Greta and Johannes should now be on board their ship.
Sounds like they’ll be busy for quite some time today before they get time to blog.
In the meantime, I’d like to respond to Eliza Honey, who says she loved the photos on the Ice Blog but dreads the message. “Early reading of books re;Antartica and the Arctic were a formative experience in the late 40’s. As old age approaches and the chaotic world continues on its path to destruction I wish strength to your arm and those dedicated people around you. Keep up the good work and more photos please”, says Eliza.
Well, Eliza, while we wait for our dedicated young “ambassadors” to send us their first report from Svalbard, Spitzbergen, here are some more pictures which I took during a trip to the scientific research base in Ny Alesund, Spitzbergen, this time last year.
There is a “flash gallery” with more if you click here:
The runway at Ny Alesund – cleared of snow in June.
The “3 Crowns” at midnight
Views from the Monitoring Station above Ny Alesund
A Svalbard reindeer, in Longyearben.
DateJune 11, 2008 | 9:38 am
Voyage for the Future
Greta and Johannes are two of 18 young people setting sail today for a 12-day Arctic voyage, along the coast of Svalbard. They have been chosen by WWF as “Ambassadors for the Future”, to learn about climate change and pass the message on to the world’s political leaders. They’ll be blogging as guests on the Ice Blog for the next 12 days, as they sail along this route:
DateJune 9, 2008 | 8:26 am
Baked Alaska Online!
My “Flash Gallery”, with Alaskan photos and information, is now online.
Baked Alaska Flash Gallery
And Deutsche Welle is currently broadcasting the first installment of the “Climate Change College in Alaska” radio feature series. You can listen online or subscribe to the podcast.
Alaskan Climate Change Series on LIVING PLANET
DateJune 5, 2008 | 7:58 am
Fuelling the Melt of the Arctic?
The Arctic made its way into the headlines again at the end of last week, when the five Arctic coastal nations met in Greenland to discuss sovereignty over the Arctic seabed.
Denmark, Norway, Russia, Canada and the United States are the countries concerned. Wouldn’t it be great if they were negotiating on who could do the most to protect this unique and fragile area? Of course what they are actually concerned about is who will have access to natural resources – for instance the right to drill for oil once the seabed becomes more easily accessible because global warming is melting the ice.
(The airport at Alaska’s oil centre, Prudhoe Bay).
The environmental groups were not invited to the meeting. As you might expect, most of them are concerned about the rush to exploit the Arctic further as soon as possible. One suggestion is to have a treaty similar to that regulating the Antarctic, which bans military activity and mineral mining, but this was rejected by the “Arctic 5”. Greenpeace Nordic campaigner Lindsay Keenan put the bizarre situation in a nutshell when he told Reuters “they are going to use the law of the sea to carve up the raw materials, but they are ignoring the law of common sense. These are the same fossil fuels that are driving climate change in the first place”. Good point Mr. Keenan. Greenpeace points out that the world already has four times more fossil fuel reserves than it can afford to burn.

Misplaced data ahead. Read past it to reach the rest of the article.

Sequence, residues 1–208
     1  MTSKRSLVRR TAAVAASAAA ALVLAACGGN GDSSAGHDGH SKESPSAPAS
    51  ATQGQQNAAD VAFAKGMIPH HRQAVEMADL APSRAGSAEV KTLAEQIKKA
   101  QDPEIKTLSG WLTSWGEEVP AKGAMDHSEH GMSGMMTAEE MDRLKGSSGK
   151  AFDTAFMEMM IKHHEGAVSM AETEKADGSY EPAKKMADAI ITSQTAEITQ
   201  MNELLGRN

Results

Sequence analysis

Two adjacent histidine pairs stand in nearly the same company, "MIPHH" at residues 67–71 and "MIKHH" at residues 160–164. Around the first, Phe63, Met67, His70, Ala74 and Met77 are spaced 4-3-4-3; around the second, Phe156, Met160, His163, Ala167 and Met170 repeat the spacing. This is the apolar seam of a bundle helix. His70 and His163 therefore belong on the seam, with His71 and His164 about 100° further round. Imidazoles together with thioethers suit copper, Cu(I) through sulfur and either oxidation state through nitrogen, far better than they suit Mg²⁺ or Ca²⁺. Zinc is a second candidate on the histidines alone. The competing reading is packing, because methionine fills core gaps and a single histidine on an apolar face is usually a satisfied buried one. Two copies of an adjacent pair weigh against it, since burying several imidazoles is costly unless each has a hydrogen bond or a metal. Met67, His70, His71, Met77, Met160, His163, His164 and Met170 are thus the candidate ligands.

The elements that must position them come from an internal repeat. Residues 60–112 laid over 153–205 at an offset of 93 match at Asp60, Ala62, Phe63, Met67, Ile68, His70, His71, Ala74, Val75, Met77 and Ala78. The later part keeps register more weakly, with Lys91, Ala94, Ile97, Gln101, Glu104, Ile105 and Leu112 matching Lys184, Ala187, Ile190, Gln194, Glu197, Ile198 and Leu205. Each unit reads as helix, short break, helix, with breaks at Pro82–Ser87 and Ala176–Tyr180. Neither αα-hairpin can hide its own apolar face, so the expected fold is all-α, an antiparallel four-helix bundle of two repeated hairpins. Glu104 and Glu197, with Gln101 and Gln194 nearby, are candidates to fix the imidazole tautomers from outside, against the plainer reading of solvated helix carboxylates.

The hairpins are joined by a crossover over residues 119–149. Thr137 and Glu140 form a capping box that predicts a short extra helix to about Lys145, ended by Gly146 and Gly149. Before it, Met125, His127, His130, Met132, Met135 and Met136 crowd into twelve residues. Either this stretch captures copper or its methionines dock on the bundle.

DateJune 4, 2008 | 11:08 am
Alaska baking faster?
This was us in Barrow just two weeks ago.
This morning, this email reached me from George Divoky, our ornithologist friend, observing climate change as part of his work monitoring a black guillemot colony on the Arctic’s Cooper Island:
“Was able to follow your travels via the B&J website and your blog and it looked like you were able to see some impressive examples of climate change in Alaska.
I was impressed with both the quality of climate change ambassadors and the media traveling with them. I tend to be skeptical of much of what is said and done to bring climate change issues to the public but found this exercise to be a good one and was glad I could become involved.
(…) I head off to Alaska in a week and Cooper Island about a week after that. After the late and snowy spring (which you know about first hand) things have gotten very hot there (5 C as I write this) and the snow all melted in the past two days.
George J. Divoky
Friends of Cooper Island
DateMay 26, 2008 | 8:02 am